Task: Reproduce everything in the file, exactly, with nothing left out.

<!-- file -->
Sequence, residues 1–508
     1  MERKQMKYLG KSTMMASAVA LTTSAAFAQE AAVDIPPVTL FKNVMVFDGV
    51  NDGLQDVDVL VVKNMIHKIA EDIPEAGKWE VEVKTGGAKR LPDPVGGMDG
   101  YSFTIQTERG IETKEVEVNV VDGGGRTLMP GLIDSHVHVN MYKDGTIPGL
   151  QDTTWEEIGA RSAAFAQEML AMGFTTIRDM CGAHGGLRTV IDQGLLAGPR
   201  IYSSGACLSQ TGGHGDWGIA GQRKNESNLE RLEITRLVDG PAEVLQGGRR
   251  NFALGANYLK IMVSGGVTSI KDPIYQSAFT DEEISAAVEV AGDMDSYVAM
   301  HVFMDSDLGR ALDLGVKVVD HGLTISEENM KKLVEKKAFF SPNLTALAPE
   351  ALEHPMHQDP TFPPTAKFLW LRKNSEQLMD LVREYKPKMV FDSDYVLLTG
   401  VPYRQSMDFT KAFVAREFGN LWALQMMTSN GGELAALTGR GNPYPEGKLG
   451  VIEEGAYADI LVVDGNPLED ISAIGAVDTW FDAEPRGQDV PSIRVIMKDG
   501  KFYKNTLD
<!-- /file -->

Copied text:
Sequence, residues 1–508
     1  MERKQMKYLG KSTMMASAVA LTTSAAFAQE AAVDIPPVTL FKNVMVFDGV
    51  NDGLQDVDVL VVKNMIHKIA EDIPEAGKWE VEVKTGGAKR LPDPVGGMDG
   101  YSFTIQTERG IETKEVEVNV VDGGGRTLMP GLIDSHVHVN MYKDGTIPGL
   151  QDTTWEEIGA RSAAFAQEML AMGFTTIRDM CGAHGGLRTV IDQGLLAGPR
   201  IYSSGACLSQ TGGHGDWGIA GQRKNESNLE RLEITRLVDG PAEVLQGGRR
   251  NFALGANYLK IMVSGGVTSI KDPIYQSAFT DEEISAAVEV AGDMDSYVAM
   301  HVFMDSDLGR ALDLGVKVVD HGLTISEENM KKLVEKKAFF SPNLTALAPE
   351  ALEHPMHQDP TFPPTAKFLW LRKNSEQLMD LVREYKPKMV FDSDYVLLTG
   401  VPYRQSMDFT KAFVAREFGN LWALQMMTSN GGELAALTGR GNPYPEGKLG
   451  VIEEGAYADI LVVDGNPLED ISAIGAVDTW FDAEPRGQDV PSIRVIMKDG
   501  KFYKNTLD